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Animation is a method in which pictures are manipulated to appear as moving images. In traditional animation, images are drawn or painted by hand on transparent celluloid sheets to be photographed and exhibited on film. Today, most animations are made with computer-generated imagery (CGI). Computer animation can be very detailed 3D animation, while 2D computer animation can be used for stylistic reasons, low bandwidth or faster real-time renderings. Other common animation methods apply a stop motion technique to two and three-dimensional objects like paper cutouts, puppets or clay figures.

<i>Toy Story</i> 1995 American animated film directed by John Lasseter

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Animator person who makes animated films

An animator is an artist who creates multiple images, known as frames, which give an illusion of movement called animation when displayed in rapid sequence. Animators can work in a variety of fields including film, television, and video games. Animation is closely related to filmmaking and like filmmaking is extremely labor-intensive, which means that most significant works require the collaboration of several animators. The methods of creating the images or frames for an animation piece depend on the animators' artistic styles and their field.

The history of animation started long before the development of cinematography. Humans have probably attempted to depict motion as far back as the paleolithic period. Shadow play and the magic lantern offered popular shows with projected images on a screen, moving as the result of manipulation by hand and/or some minor mechanics. In 1833 the phenakistiscope introduced the stroboscopic principle of modern animation, and would also provide the basis for cinematography.

Cel shading animation technique

Cel shading or toon shading is a type of non-photorealistic rendering designed to make 3-D computer graphics appear to be flat by using less shading color instead of a shade gradient or tints and shades. Cel-shading is often used to mimic the style of a comic book or cartoon and/or give it a characteristic paper-like texture. There are similar techniques that can make an image look like a sketch, an oil painting or an ink painting. It is somewhat recent, appearing from around the beginning of the twenty-first century. The name comes from cels, the clear sheets of acetate, which are painted on for use in traditional 2D animation.

Walt Disney Animation Studios Walt Disney Company animation studio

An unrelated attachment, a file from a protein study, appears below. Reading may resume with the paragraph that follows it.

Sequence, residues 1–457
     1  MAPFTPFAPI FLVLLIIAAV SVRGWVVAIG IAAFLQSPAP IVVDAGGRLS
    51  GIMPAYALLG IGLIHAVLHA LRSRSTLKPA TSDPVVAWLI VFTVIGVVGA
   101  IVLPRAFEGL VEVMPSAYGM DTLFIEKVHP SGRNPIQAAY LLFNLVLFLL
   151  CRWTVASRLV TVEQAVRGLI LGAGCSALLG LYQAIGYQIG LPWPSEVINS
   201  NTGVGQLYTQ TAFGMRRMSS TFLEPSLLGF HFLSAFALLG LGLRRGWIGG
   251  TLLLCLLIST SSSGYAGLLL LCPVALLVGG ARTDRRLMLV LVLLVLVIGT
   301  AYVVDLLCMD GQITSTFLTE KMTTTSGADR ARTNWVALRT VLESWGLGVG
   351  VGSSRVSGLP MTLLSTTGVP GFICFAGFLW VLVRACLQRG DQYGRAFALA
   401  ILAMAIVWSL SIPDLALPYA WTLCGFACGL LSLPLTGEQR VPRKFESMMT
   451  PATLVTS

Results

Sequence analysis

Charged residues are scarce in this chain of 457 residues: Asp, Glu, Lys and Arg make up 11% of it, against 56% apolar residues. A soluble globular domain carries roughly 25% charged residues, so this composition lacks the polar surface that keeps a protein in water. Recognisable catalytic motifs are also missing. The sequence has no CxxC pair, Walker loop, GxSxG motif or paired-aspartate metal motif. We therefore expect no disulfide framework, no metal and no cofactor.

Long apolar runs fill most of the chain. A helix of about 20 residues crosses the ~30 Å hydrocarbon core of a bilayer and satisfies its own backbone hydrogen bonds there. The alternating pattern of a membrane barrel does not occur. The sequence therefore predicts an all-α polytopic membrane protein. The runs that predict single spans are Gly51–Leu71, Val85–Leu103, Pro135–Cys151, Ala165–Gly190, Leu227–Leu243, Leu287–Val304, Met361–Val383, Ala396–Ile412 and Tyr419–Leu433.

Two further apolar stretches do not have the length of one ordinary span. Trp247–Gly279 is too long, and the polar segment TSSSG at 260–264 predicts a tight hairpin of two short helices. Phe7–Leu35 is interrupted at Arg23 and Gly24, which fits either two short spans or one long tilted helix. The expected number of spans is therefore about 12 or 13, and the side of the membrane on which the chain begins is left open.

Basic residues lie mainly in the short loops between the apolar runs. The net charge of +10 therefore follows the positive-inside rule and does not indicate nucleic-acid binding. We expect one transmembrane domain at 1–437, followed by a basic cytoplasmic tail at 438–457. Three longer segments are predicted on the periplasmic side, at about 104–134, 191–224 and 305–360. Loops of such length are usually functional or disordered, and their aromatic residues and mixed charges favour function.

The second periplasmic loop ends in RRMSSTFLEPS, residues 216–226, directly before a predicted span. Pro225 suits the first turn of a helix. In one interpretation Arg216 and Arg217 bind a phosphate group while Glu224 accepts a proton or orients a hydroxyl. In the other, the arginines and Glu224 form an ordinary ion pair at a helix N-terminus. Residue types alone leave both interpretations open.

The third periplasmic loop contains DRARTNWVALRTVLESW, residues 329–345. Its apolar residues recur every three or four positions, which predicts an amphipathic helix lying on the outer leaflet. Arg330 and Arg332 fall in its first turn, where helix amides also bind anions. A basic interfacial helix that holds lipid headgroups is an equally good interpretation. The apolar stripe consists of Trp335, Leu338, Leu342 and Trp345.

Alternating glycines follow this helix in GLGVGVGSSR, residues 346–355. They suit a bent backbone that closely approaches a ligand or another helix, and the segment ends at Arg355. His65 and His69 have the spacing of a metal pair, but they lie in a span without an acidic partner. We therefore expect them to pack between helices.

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The Computer Animation Production System (CAPS) was a digital ink and paint system used in animated feature films, the first at a major studio, designed to replace the expensive process of transferring animated drawings to cels using India ink or xerographic technology, and painting the reverse sides of the cels with gouache paint. Using CAPS, enclosed areas and lines could be easily colored in the digital computer environment using an unlimited palette. Transparent shading, blended colors, and other sophisticated techniques could be extensively used that were not previously available.

Cellulose triacetate chemical compound

Cellulose triacetate, is a chemical compound produced from cellulose and a source of acetate esters, typically acetic anhydride. Triacetate is commonly used for the creation of fibres and film base. It is chemically similar to cellulose acetate. Its distinguishing characteristic is that in triacetate, at least "92 percent of the hydroxyl groups are acetylated." During the manufacture of triacetate, the cellulose is completely acetylated; whereas in normal cellulose acetate or cellulose diacetate, it is only partially acetylated. Triacetate is significantly more heat resistant than cellulose acetate.

Mathematical Applications Group, Inc. was an early computer technology company founded in 1966 by Dr. Philip Mittelman and located in Elmsford, New York, where it was evaluating nuclear radiation exposure. By modeling structures using combinatorial geometry mathematics and applying monte carlo radiation ray tracing techniques the mathematicians could estimate exposures at various distances and relative locations in and around fictional structures. In 1972, the graphics group called MAGI/SynthaVision was formed at MAGI by Robert Goldstein.